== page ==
by Antonio L. Colina IV
Davao City – The Australia government has extended more than P5 billion (AUS$130 million) in funds for educational development in the Autonomous Region in Muslim Mindanao (ARMM) and the country’s peace efforts in the Bangsamoro and with communist rebels.
This was disclosed by Australian Foreign Minister Julie Bishop during the launch of Australia’s flagship program in the Philippines, “Education Pathways to Peace in Mindanao (PATHWAYS),” at the Marco Polo Hotel here, Friday.
According to Bishop, Australia will be allocating AUS$90 million for an educational development program in ARMM as part of her country’s commitment to improve teachers’ quality, curriculum development, and policy development, as well as in other areas where her country can assist in boosting education standards in the region.
“We are particularly focused with our development program and supporting people gain a basic education. Indeed, Australia has been indeed the largest development part of the Philippines and in Mindanao in education sector,” she said.
Bishop also announced that Australia was going to give AUS$40 million assistance for the peace efforts in Mindanao.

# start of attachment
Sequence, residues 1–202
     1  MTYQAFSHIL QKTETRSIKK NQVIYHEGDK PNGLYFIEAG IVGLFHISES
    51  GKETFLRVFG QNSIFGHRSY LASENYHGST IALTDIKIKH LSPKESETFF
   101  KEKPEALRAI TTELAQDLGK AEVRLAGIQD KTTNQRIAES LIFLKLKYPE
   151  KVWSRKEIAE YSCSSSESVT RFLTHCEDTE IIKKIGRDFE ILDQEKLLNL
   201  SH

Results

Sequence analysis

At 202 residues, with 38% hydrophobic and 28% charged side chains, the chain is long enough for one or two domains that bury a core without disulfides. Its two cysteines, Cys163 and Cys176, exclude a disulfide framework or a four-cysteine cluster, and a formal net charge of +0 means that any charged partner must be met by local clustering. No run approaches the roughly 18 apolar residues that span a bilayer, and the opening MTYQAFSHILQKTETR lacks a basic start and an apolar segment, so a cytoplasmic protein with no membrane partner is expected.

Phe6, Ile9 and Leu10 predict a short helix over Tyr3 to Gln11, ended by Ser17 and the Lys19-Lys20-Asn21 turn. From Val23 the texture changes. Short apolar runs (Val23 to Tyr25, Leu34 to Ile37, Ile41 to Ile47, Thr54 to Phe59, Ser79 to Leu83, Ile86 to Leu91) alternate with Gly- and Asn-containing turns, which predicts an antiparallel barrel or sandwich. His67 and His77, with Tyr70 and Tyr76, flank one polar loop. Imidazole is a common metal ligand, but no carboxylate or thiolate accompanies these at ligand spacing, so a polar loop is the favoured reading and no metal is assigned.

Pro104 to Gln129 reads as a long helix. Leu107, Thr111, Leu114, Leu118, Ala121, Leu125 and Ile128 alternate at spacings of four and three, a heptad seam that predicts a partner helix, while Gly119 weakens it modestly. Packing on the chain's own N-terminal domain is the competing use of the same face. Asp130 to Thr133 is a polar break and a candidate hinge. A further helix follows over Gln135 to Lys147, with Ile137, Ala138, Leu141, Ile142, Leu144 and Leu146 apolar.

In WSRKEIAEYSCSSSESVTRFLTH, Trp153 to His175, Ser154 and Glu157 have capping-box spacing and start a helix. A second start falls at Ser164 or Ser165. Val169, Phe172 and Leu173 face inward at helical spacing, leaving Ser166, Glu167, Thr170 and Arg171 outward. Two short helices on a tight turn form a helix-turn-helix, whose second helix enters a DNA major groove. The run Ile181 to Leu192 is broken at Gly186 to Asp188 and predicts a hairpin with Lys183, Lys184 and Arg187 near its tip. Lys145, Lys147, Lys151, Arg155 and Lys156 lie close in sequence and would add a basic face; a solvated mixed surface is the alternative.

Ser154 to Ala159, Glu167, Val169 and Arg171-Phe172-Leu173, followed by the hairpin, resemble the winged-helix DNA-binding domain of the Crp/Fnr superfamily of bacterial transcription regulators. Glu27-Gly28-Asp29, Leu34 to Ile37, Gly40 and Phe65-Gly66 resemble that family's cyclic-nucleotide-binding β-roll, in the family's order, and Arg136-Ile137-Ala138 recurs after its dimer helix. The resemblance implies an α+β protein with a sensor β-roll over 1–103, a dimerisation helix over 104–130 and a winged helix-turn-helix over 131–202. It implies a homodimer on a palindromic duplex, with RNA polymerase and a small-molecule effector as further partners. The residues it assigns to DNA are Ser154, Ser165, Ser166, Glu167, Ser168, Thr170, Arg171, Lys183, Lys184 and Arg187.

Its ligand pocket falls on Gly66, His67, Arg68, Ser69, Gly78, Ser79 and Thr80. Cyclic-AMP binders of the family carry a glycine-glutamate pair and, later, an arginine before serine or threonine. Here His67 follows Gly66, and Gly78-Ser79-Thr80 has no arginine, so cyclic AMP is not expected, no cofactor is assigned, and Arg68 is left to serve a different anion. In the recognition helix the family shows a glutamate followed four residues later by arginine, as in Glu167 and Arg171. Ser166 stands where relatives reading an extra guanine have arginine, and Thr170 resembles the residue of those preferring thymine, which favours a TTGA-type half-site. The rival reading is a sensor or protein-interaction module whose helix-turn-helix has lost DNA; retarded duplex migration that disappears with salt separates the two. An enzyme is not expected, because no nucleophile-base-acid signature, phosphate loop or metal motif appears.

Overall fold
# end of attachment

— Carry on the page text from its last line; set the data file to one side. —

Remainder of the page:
“We term the Australian-Philippines relationship as a comprehensive partnership and I think that it is quite evident that it is a long standing relation that covers many different aspects of government, business, and of course, people-to-people links,” she said.
She said the assistance fund will be for the development projects in areas of conflict, concentrating on water supplies, infrastructure, and “things that local people need to get ahead and get on their lives.”
She said that the Australian government has vowed to support the peace agreements with the rebel groups by providing technical assistance in order to ensure the success of the peace negotiations.
The government has re-opened talks with the National Democratic Front of the Philippines (NDFP), and in the process of completing the peace process with the Moro National Islamic Front (MILF), and Moro National Liberation Front (MNLF).
“With the support for education, with the support for peace process, in this way, Australia continues to be a friend, a partner of the Philippines,” she said.
Presidential Adviser on Peace Process (PAPP) Secretary Jesus Dureza thanked the Australian government for its support for the country’s peace efforts.
“This is something very new. I almost fell off my chair. What we are doing in peace-building, getting the agreements signed is just one half of the story; the other half is how to make it sustainable and work for education is very important,” he said.
National Economic Development Authority (NEDA) Director General Ernesto Pernia acknowledged the support of the Australian government.